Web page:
Studley Royal Deer Park: The magnificent conker trees brought to Yorkshire by the Romans
The edible nuts associated with Christmas come from a different tree, the sweet chestnut (Castaneda saliva), and one of Yorkshire’s largest concentrations is in the deer park at Studley Royal near Ripon.
The Romans introduced sweet chestnuts to Britain as a ready source of protein. The nuts were ground into flour and cooked like polenta. By medieval times roasted chestnuts had become the popular winter food we know today.
At some point the tree acquired the alternative name of Spanish chestnut, a reference to the fissures at the base of their trunks being reminiscent of a flamenco dancer’s swirling skirt.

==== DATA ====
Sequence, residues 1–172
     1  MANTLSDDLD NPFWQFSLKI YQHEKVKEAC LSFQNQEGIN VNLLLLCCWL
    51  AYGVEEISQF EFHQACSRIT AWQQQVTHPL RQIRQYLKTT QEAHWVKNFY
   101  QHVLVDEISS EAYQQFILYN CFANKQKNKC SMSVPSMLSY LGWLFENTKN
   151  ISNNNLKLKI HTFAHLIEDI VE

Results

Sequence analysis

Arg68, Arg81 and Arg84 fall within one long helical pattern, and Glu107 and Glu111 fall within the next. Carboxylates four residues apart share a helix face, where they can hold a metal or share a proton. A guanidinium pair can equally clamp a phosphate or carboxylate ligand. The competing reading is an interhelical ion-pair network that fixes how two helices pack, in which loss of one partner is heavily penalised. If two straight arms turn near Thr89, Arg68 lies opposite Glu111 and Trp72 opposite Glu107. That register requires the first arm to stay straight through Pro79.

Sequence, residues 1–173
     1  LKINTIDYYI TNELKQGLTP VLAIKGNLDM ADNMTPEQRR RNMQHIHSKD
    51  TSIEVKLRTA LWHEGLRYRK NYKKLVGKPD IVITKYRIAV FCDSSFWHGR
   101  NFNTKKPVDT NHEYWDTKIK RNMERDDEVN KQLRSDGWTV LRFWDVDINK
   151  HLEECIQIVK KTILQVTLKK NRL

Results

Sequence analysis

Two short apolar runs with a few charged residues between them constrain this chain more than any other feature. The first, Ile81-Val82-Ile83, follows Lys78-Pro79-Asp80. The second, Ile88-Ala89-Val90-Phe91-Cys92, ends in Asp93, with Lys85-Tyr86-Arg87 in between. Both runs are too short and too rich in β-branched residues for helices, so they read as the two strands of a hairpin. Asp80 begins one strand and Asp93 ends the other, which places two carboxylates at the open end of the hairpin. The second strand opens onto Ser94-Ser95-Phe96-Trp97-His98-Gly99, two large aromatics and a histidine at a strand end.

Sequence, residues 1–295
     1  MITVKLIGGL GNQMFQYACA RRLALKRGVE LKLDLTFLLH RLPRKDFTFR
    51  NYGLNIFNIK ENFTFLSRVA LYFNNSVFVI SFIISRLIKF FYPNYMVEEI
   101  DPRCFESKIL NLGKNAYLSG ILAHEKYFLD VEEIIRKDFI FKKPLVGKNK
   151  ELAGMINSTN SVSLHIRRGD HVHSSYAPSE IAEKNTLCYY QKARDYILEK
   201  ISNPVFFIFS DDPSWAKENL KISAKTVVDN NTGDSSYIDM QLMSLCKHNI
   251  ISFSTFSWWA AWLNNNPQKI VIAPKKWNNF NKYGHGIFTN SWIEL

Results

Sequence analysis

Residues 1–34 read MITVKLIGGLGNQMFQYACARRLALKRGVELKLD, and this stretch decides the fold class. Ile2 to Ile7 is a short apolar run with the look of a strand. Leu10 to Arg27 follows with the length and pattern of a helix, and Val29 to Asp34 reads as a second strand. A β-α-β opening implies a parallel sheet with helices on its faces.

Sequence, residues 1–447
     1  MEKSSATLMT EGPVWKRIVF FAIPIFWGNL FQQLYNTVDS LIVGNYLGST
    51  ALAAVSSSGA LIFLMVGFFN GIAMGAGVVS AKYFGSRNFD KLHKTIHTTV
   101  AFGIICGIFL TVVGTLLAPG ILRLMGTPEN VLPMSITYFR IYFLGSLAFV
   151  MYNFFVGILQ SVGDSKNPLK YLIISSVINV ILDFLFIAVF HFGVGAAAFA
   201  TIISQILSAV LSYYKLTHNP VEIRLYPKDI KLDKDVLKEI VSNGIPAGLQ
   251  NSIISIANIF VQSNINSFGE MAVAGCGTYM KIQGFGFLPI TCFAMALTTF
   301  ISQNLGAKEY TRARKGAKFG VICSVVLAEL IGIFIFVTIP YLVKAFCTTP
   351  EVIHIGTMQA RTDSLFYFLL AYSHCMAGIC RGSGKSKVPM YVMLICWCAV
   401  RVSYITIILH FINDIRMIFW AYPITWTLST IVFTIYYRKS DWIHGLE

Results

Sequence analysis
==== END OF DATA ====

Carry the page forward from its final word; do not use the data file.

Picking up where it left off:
The Studley Royal sweet chestnuts were planted, like others around great country houses like Nostell Priory and Temple Newsam, to provide food for the herds of deer which were hunted by the nobility and their guests.
The Studley estate, now owned and managed by the National Trust, can be traced back to the 12th century and a map of the park first appeared in 1577. Studley Royal House was destroyed by fire in 1946 and not replaced.
The grounds and nearby Fountains Abbey are now a World Heritage Site.
Other venerable sweet chestnut trees in Yorkshire are to be found at Burton Constable Hall near Driffield and in the garden of 18th century author Laurence Sterne’s house at Coxwold in the Howardian Hills.
Most sweet chestnuts on sale today - those that will end up on on Christmas tables or roasted on smouldering coals and sold by street vendors - are imported from France, Spain or the Balkans. Divested of their tough shells they are vacuum packed or canned.